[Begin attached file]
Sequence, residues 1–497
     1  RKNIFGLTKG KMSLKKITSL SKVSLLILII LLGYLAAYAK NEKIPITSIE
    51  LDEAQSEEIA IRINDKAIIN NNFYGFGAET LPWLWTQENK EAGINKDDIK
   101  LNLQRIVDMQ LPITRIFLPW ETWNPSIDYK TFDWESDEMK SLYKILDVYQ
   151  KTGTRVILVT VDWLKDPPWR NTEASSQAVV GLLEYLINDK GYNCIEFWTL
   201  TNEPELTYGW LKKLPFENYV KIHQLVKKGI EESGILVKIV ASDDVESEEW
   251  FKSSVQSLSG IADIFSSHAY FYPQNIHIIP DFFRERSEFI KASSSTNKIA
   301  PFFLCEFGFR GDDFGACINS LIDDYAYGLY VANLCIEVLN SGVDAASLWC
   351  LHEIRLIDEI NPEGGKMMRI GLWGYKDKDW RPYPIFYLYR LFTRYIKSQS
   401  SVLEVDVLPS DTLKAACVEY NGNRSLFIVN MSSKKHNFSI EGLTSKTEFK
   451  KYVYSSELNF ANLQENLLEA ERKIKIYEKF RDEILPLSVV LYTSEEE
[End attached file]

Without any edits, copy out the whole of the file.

Sequence, residues 1–497
     1  RKNIFGLTKG KMSLKKITSL SKVSLLILII LLGYLAAYAK NEKIPITSIE
    51  LDEAQSEEIA IRINDKAIIN NNFYGFGAET LPWLWTQENK EAGINKDDIK
   101  LNLQRIVDMQ LPITRIFLPW ETWNPSIDYK TFDWESDEMK SLYKILDVYQ
   151  KTGTRVILVT VDWLKDPPWR NTEASSQAVV GLLEYLINDK GYNCIEFWTL
   201  TNEPELTYGW LKKLPFENYV KIHQLVKKGI EESGILVKIV ASDDVESEEW
   251  FKSSVQSLSG IADIFSSHAY FYPQNIHIIP DFFRERSEFI KASSSTNKIA
   301  PFFLCEFGFR GDDFGACINS LIDDYAYGLY VANLCIEVLN SGVDAASLWC
   351  LHEIRLIDEI NPEGGKMMRI GLWGYKDKDW RPYPIFYLYR LFTRYIKSQS
   401  SVLEVDVLPS DTLKAACVEY NGNRSLFIVN MSSKKHNFSI EGLTSKTEFK
   451  KYVYSSELNF ANLQENLLEA ERKIKIYEKF RDEILPLSVV LYTSEEE